The William B. Gudykunst Outstanding Book Award, 2013, goes to Dan Landis and Rosita Albert for their extraordinary achievement in editing the Handbook of Ethnic Conflict: International Perspectives . We members of the Selection Committee--Young Kim, Cookie Stephan, and David Sam-unanimously agree that, of the six books nominated, this Handbook of Ethnic Conflict is clearly the most worthy as the first recipient of this special award. Dan and Rosita took on an intellectually ambitious project of presenting 20 original chapters, in which ethnic conflict is examined in varying historical, cultural, and sociopolitical contexts of 20 different countries or regions around the world. The highly informative chapters offer population-specific insights, with which to examine and refine existing theories or to generate new ways of theorizing about the nature of interethnic conflict. For this reason, we, committee members, applaud Dan Landis and Rosita Albert for a significant contribution they have made to a better understanding of intercultural relations, in general, and of ethnic conflict, in particular.
Jan Pieter van Oudenhoven
President of the IAIR"Framing some forms of intrastate armed conflict as "ethnic" or "interethnic" conflict is a relatively recent phenomenon; this approach is featured effectively in the Handbook of Ethnic Conflict: International Perspectives , an exciting addition to the Springer series International and Cultural Psychology (series editor, Anthony Marsella)... . Organized geographically on the basis of eight areas (the Pacific Rim, Southeast Asia, China, the eastern Mediterranean, the Balkans, Central Africa, Europe, and Latin America), the handbook provides case studies of 20 ethnic conflicts ... ." (Kathleen Malley-Morrison and Tristyn Campbell, PsysCRITIQUES, Vol. 57, (46), November, 2012)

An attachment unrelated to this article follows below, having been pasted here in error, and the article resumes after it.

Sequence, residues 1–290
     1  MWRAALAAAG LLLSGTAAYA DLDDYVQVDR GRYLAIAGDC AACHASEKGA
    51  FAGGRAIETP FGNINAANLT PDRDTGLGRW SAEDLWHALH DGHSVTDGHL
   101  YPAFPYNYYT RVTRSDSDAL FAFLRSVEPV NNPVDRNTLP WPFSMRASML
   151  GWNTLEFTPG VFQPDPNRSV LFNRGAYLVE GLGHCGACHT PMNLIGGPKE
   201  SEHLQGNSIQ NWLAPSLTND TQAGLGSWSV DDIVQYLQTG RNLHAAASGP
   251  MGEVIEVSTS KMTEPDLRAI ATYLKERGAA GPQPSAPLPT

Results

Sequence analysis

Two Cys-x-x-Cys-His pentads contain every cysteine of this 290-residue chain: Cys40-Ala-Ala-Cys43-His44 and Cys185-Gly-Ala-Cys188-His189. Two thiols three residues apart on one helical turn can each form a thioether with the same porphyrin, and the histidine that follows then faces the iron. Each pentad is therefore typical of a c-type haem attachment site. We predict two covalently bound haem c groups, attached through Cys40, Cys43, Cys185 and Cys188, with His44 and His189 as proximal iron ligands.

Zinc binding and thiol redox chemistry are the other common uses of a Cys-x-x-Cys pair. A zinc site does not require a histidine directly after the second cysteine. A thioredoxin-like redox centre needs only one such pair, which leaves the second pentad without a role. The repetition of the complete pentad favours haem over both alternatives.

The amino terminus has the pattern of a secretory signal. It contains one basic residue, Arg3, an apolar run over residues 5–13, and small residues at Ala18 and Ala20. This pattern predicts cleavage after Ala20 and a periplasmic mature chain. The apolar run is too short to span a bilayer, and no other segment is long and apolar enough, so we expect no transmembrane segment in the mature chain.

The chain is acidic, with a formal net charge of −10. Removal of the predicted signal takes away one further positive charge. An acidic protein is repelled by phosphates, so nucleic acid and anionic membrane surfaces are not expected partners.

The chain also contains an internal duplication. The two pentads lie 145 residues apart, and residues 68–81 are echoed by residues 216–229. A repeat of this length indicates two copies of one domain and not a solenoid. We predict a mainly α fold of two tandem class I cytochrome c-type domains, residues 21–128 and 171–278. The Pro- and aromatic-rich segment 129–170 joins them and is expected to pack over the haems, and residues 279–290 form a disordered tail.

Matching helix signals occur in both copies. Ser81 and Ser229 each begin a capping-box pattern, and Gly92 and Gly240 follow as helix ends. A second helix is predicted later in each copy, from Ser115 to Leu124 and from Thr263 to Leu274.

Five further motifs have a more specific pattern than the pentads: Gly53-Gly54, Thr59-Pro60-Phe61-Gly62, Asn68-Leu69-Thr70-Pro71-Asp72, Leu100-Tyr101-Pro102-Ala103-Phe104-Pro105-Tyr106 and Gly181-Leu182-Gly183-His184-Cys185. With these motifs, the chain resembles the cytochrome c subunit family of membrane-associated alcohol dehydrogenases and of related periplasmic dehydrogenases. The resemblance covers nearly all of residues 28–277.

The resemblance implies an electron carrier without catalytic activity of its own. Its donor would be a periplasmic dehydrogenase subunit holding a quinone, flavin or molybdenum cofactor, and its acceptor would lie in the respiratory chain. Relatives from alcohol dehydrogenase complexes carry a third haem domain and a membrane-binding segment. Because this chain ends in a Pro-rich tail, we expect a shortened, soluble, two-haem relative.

For the full review, see link: Handbook of Ethnic Conflict embraces the critical focal mission of expanding our understanding of ethnic conflict by demonstrating both the regional diversity of conflict and the deep historical roots of these conflicts. The volume, like no other I have read, examines ethnic conflict on a global basis. Its chapters describe ethnic conflicts in The Pacific Rim, South East Asia, China, Latin America, Eastern Mediterranean, the Balkans, and Europe. The chapters demonstrate both unique and shared characteristics of the conflicts and illustrate how existing theories can (and cannot) be applied to understand the conflicts. This allows the reader to compare and contrast the conflicts, and determine how existing theories can be applied to understand each conflict. In addition to this region diversity, the chapters also trace the history of each conflict. The reader not only learns that the conflicts are not "modern" events, but also understands how these conflicts become imbedded in the narrative of each ethnic group, thereby contributing to their resistance to "resolution". This insight is critical because most existing theories of ethnic conflict give little attention to the role of history in intergroup conflict and violence...The Handbook of Ethnic Conflict: International Perspectives is unique in its diversity of scope, demonstrating the complex roots of ethnic conflict that conspire to its vitality and resistance to resolution. The volume is an important and timely contribution to the literature on ethnic conflict. It is based on a well-conceived plan and achieves it important objectives. It is timely and its contribution will be timeless. It deserves the recognition offered by the William B. Gudykunst Outstanding Book Award."(Stephen Worchel, Professor Emeritus, University of Hawaii at Hilo, February 22, 2013)"When I first read Dan's latest book, The Handbook of Ethnic Conflict, it blew me away. It is a comprehensive guide to a topic in social psychology that is crucially important, both in a theoretical and practical sense. Dan has always been a leader in cross-cultural researc